We'll get to the G20 in a moment. But let's start with organisational psychology. There are some groups or teams that are greater than the sum of their parts, and there are others - that for all the talent and power they may have individually - are less. Think soccer. Think last year's European Championship. Then tiny little Iceland were the heroes of the competition - and not just because of their wonderful fans.
Just before Donald Trump left Washington to come on this gruelling trip, the word was he would have given anything to get out of it or anything to shorten it. One, he likes his home comforts - not that Air Force One is exactly slumming it - and two, he knew that all his critics were waiting for him to do something gauche or stupid in some faraway foreign clime. But that simply hasn't happened. He has navigated his first foreign trip with aplomb.
Washington's big night of pomp and politics - and from the fledgling president a disciplined performance and a well-crafted speech. From the get-go it was clear this was going to be something different. Having been chided for his seeming unwillingness to speak out about recent anti-Semitic attacks and the gunning down of two Indian engineers in Kansas, this was the first topic he addressed.
Muck Rack makes it simple to find people, tweets, or articles that mention any name, keyword, company, hashtag etc. We've compiled this guide to help you make the most of your search.
Selecting a term
Start searching tweets, articles from media outlets, articles mentioned in tweets, journalists'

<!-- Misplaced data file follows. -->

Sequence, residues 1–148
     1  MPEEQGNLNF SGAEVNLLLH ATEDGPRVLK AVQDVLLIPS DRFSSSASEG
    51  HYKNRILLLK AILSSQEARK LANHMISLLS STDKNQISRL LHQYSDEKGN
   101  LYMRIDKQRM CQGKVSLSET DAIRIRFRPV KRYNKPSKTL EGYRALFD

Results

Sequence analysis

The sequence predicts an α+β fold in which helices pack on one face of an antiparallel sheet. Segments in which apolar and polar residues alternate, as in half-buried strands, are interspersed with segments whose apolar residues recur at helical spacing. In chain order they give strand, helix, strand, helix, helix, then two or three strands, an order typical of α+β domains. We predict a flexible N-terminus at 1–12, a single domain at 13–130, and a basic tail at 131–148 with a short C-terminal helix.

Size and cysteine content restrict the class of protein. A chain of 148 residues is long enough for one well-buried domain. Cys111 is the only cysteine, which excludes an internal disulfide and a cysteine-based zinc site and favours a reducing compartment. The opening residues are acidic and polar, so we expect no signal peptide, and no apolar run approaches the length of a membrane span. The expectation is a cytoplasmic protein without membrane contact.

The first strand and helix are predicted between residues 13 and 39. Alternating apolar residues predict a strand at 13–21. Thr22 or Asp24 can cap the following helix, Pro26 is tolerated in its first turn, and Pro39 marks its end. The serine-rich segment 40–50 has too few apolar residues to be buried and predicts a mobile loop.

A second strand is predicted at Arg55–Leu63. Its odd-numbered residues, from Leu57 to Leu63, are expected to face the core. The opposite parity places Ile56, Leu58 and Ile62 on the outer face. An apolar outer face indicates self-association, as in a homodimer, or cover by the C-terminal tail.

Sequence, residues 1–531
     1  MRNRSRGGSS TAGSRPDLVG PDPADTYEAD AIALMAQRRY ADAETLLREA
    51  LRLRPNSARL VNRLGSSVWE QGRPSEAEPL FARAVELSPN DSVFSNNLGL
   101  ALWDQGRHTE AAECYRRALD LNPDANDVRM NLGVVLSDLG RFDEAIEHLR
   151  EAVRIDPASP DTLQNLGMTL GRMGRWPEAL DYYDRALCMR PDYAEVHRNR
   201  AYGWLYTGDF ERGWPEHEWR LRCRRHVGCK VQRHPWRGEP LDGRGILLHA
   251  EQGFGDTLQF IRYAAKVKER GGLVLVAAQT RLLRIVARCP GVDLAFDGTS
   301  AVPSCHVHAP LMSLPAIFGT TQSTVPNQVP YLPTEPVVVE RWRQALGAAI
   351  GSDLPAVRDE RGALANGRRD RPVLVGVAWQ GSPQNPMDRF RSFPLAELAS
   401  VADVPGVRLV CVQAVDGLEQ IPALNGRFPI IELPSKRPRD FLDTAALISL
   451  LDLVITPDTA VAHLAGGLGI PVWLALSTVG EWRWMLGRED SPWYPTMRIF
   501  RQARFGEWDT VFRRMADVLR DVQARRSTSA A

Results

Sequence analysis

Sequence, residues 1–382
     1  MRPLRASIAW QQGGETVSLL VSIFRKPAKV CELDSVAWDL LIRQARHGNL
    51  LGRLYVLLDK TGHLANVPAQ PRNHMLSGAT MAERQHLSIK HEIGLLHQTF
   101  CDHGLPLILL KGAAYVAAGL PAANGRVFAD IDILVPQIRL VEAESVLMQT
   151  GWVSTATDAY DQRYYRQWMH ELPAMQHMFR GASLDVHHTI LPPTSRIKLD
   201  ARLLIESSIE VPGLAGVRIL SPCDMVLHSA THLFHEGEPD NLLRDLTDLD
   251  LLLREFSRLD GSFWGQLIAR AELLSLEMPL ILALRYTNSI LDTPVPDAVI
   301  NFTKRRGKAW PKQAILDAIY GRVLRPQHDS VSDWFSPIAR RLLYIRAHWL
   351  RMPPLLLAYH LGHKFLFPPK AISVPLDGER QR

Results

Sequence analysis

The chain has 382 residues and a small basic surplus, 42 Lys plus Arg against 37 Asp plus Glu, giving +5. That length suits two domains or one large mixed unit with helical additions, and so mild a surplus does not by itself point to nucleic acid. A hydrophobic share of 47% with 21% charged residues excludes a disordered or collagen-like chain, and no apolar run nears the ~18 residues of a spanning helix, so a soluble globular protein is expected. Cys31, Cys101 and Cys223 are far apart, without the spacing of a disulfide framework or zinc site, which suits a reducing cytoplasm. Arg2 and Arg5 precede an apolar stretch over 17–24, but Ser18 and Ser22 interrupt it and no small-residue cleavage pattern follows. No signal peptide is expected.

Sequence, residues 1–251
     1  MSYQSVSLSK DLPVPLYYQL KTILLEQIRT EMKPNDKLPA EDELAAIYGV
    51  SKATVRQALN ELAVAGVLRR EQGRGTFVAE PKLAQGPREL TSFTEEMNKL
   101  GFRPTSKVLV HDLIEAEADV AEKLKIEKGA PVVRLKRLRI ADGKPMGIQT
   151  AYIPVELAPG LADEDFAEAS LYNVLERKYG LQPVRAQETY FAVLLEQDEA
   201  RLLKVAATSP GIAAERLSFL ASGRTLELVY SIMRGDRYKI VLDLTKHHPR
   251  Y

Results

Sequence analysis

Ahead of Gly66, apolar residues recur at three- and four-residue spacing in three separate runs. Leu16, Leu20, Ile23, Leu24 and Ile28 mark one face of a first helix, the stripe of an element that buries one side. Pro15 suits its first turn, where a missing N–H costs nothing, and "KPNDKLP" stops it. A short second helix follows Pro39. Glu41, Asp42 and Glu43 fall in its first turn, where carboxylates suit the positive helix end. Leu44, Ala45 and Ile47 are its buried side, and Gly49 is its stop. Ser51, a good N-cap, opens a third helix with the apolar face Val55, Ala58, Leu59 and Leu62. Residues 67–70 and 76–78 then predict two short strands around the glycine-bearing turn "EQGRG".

names, titles and bios with some suggested searches:
Companies or Topics (e.g. iPhone, Microsoft)
Phrases (e.g. "cloud computing") — use quotes to keep the terms together
Twitter handles (e.g. @username) — returns those who have mentioned or replied to
Names (e.g. "David Pogue")
Hashtags (e.g. #sxsw, #london2012)
Bio details (e.g. vegan, Olympics, father)
Muck Rack's Advanced Search allows for many boolean operators.
Find results that mention multiple specified terms, use AND or
+. For example, ensure each result contains both Elon Musk and Mark Zuckerberg by
searching Obama AND Romney or Obama + Romney.
Use the operators OR or , to broaden your search when you'd like either of
multiple terms to appear in results. (This is the default behavior of our search when no operators
are used.) For example, search for democrat OR republican to find results that refer to
Democrats and/or Republicans.
Use NOT or - to subtract results from your search. For
example, searching Disney will yield results about the Walt Disney Company as well as Walt Disney
World Resort. To exclude mentions of Disney World, search for Disney -World or Disney
When using one of these operators with a phrase, enclose it in quotation marks. For example, you can
find results about smartphones excluding Apple's iPhone 4S by searching smartphone -"iPhone
Exact case matching or punctuation
If you're searching for a brand name or keyword that relies on specific punctuation marks or capitalization, you can
find results that match your exact query by adding matchcase: before the keyword you're searching for, like matchcase:E*TRADE .
Use parentheses to separate multiple
boolean phrases. For example, to find journalists talking about having fun in Disney World or
Disneyland, search for ("disney world" OR disneyland) AND fun.
An asterisk can be used to search for any variation of a root word truncated by the asterisk. For example, searching for admin* will return results for administrator, administration, administer, administered, etc.
A near operator is an AND operator where you can control the distance between the words. You can vary the distance the near operation uses by adding a forward slash and number (between 0-99) such as strawberries NEAR/10 "whipped cream", which means the strawberries must exist within 10 words of "whipped cream".